Current is regulated and controlled by a pass transistor bank. A partial schematic of such a bank is shown in Figure 9. The collectors of the transistors are connected in parallel and connected through an ammeter to the laser tube. The bases of the transistors are connected in parallel and receive a control voltage from a current regulator circuit. A small ballast resistance (3 to 5 ohms) is connected in series with each emitter to help equalize current through the transistors. Controlling the voltage applied to the bases of the transistors controls the voltage drop across the pass bank and, thus, the current through the laser tube. Figure 9 show only a small segment of a transistor pass bank. Practical banks consist of as few as 10 transistors in parallel to as many as a hundred in series and parallel combinations, depending on the voltages and currents involved.
The voltage regulator circuit maintains a constant current level and contains a control input that may be used to set the operating current. In some models, the same current regulator supplies both the laser tube and an electromagnet. In larger models, the magnet usually has a separate current control. In many systems, a beam splitter is used to sample the output beam and provide an input to the current regulator circuit that will vary tube current to maintain a constant output power as tube or power line conditions change.
Although ion lasers operate at a few hundred volts, several thousand volts are required to initiate the discharge. Figure 10 is a simplified diagram of a typical ion laser starter circuit. When the push-button starter switch is closed, a current flows through the primary of the trigger pulse transformer. This current is limited by a current-limiting resistor. When the starter button is released, the current in the transformer primary is broken abruptly. The collapsing magnetic field excites a high-voltage pulse in the transformer secondary that is connected to a starter electrode in the laser tube. This is the same mechanism used to produce the ignition spark in an automobile electrical system. More sophisticated controls are often included, but the process is essentially the same. This type of push-button starter is often found on other types of lasers as well.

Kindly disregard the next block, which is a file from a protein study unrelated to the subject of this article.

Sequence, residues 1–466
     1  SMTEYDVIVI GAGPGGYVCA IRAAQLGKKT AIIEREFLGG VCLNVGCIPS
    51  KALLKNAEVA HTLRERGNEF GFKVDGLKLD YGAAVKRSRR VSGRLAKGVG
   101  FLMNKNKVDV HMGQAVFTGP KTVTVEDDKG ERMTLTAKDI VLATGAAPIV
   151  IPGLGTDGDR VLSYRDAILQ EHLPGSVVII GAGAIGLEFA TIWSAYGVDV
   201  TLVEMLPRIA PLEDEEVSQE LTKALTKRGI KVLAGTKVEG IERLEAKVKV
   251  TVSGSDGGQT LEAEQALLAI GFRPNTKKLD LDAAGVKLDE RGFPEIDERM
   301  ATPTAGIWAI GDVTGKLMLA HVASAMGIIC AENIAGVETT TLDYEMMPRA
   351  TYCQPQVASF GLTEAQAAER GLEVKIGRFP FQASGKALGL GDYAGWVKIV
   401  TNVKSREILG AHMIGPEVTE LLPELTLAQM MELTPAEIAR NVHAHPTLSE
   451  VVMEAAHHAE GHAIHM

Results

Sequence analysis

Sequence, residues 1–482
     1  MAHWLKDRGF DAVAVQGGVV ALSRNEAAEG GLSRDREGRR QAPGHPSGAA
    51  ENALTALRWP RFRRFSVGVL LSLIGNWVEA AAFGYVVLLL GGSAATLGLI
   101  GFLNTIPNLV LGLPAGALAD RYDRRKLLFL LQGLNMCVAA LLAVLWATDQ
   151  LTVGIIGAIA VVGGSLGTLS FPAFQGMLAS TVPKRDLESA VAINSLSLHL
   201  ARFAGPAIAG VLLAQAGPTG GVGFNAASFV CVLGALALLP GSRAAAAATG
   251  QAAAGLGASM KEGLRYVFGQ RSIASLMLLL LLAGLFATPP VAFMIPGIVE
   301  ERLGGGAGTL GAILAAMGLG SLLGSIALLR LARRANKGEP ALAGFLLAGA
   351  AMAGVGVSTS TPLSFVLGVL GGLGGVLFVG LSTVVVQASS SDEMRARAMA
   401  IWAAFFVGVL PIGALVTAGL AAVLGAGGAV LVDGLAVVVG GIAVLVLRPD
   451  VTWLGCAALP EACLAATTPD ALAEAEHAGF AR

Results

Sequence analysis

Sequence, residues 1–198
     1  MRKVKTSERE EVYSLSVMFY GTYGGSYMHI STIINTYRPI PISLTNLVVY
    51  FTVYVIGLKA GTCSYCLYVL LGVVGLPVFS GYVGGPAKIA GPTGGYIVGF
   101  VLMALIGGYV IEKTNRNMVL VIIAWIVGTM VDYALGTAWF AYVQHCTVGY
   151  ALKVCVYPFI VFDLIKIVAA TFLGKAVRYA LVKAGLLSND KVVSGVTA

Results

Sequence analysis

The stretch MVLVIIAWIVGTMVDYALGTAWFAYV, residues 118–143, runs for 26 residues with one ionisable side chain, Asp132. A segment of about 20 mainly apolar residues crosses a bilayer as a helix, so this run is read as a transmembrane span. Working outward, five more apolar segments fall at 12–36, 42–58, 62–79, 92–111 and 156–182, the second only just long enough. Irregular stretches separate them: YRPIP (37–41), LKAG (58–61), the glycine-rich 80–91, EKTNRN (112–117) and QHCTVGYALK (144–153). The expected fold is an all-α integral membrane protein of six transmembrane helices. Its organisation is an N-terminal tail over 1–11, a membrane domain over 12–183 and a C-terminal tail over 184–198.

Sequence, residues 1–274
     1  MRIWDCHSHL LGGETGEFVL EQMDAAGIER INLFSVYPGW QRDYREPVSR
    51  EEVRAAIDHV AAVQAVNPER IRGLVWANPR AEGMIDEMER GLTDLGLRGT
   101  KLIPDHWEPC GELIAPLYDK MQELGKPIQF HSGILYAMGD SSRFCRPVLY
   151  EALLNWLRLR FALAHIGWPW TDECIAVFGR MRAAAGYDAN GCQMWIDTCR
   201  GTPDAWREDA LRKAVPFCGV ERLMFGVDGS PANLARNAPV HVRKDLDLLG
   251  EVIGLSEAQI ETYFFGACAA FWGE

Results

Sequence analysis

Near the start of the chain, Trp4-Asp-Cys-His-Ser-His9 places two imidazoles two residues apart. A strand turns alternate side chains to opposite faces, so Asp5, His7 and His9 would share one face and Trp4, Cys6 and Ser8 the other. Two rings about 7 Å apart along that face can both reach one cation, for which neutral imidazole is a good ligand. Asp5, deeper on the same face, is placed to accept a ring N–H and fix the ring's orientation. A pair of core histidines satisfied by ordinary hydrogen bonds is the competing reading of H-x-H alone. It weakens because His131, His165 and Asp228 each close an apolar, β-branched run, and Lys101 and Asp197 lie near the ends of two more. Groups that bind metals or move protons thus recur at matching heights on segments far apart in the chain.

Ion lasers typically operate at tube pressures of only a few hundred millitorr and require a gas refill after several hours of operation. Provisions are usually made to add 10 millitorr of gas at a time from a gas reservoir included in the laser tube. A thermocouple gage is included for measuring the gas pressure, and a pair of solenoid-controlled valves allows the addition of the desired amount of gas to the laser tube.
Power Supplies for Optically Pumped
Since these lamps are not gas-discharge devices, they do not exhibit negative dynamic resistance and do not require the complicated power supplies typical of gas-filled devices. Their greatest advantage is that they may be operated by simply connecting their terminals to the proper voltage. Quartz-halogen lamps are designed to operate on ac power at either 120, 208, or 240 V.
In most cases, the power supply for a laser using this type lamp consists of a power switch with appropriate interlocks and nothing else. Figure 12 shows a simple circuit for controlling the laser output with an input variable autotransformer and monitoring meters for lamp current and voltage.